Bright Star

John Keats

Bright star! would I were steadfast as thou art—   Not in lone splendour hung aloft the night,And watching, with eternal lids apart,   Like Nature's patient sleepless Eremite,The moving waters at their priestlike task   Of pure ablution round earth's human shores,Or gazing on the new soft fallen mask   Of snow upon the mountains and the moors—No—yet still steadfast, still unchangeable,   Pillow'd upon my fair love's ripening breast,To feel for ever its soft fall and swell,   Awake for ever in a sweet unrest,Still, still to hear her tender-taken breath,And so live ever—or else swoon to death.

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painting of John Keats

John Keats was one of those immensely gifted nineteenth century artists whose work became widely appreciated only after his death. Despite the critics of the day and the fact that death at the tender age of twenty-six prevented him from maturing further as a poet, Keats managed to create some of the greatest lyrical poems ever written.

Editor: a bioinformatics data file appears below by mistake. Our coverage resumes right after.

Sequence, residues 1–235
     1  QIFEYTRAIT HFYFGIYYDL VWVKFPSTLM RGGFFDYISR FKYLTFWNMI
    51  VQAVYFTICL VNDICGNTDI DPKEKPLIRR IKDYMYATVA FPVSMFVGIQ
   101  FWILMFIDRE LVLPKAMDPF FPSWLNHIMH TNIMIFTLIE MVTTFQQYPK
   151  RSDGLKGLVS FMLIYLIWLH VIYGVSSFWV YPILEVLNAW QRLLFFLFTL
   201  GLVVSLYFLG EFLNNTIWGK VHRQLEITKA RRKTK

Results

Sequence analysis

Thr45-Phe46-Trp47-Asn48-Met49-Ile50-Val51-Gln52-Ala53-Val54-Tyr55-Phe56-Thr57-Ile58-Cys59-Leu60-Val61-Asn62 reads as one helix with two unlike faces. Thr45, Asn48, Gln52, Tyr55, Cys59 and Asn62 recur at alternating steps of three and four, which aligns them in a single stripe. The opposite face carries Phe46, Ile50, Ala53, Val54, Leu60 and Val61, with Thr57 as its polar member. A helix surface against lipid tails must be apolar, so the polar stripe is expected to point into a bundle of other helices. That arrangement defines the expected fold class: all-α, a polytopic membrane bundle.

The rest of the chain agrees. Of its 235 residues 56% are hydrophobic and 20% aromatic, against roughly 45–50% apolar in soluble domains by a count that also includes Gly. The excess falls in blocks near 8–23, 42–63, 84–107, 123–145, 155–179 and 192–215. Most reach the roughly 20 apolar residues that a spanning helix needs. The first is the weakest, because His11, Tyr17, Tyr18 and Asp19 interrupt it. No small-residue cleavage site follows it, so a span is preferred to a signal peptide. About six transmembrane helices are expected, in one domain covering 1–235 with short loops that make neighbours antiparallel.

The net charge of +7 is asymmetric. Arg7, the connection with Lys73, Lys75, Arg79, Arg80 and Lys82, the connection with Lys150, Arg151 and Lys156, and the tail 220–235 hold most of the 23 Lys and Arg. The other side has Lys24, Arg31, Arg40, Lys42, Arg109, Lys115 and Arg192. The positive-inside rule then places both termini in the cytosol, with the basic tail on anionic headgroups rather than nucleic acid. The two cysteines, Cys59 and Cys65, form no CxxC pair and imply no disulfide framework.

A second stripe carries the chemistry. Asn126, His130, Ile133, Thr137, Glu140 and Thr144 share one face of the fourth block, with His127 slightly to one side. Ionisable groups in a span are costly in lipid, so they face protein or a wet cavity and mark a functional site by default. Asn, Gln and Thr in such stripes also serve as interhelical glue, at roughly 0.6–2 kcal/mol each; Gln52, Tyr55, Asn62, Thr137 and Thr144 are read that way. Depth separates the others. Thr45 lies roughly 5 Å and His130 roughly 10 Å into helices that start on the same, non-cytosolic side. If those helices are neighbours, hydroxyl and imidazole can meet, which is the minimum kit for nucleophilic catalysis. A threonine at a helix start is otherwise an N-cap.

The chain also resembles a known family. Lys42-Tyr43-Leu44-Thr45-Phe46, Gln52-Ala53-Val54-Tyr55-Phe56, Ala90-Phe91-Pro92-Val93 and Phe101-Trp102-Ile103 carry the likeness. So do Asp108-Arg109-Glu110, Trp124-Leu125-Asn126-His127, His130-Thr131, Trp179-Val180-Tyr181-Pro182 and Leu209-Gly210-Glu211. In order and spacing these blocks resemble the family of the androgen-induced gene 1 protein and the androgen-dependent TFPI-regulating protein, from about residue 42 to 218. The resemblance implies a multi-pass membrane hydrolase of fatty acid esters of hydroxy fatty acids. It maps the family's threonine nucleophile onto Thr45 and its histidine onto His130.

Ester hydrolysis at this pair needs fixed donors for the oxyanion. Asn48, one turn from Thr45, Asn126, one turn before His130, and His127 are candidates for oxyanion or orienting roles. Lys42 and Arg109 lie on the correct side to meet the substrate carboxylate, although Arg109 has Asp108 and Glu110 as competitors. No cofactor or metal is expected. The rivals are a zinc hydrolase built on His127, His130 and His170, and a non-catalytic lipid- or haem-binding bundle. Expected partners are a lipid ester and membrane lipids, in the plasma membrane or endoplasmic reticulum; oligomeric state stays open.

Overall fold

‘I think I shall be among the English Poets after my death,’ John Keats soberly prophesied in 1818 as he started writing the blank verse epic Hyperion. Today he endures as the archetypal Romantic genius who explored the limits of the imagination and celebrated the pleasures of the senses but suffered a tragic early death. Edmund Wilson counted him as ‘one of the half dozen greatest English writers,’ and T. S. Eliot has paid tribute to the Shakespearean quality of Keats’s greatness. Indeed, his work has survived better than that of any of his contemporaries the devaluation of Romantic poetry that began early in this century. This Modern Library edition contains all of Keats’s magnificent verse: ‘Lamia,’ ‘Isabella,’ and ‘The Eve of St. Agnes’; his sonnets and odes; the allegorical romance Endymion; and the five-act poetic tragedy Otho the Great. Presented as well are the famous posthumous and fugitive poems, including the fragmentary ‘The Eve of Saint Mark’ and the great ‘La Belle Dame sans Merci,’ perhaps the most distinguished literary ballad in the language. ‘No one else in English poetry, save Shakespeare, has in expression quite the fascinating felicity of Keats, his perception of loveliness,’ said Matthew Arnold. ‘In the faculty of naturalistic interpretation, in what we call natural magic, he ranks with Shakespeare.’

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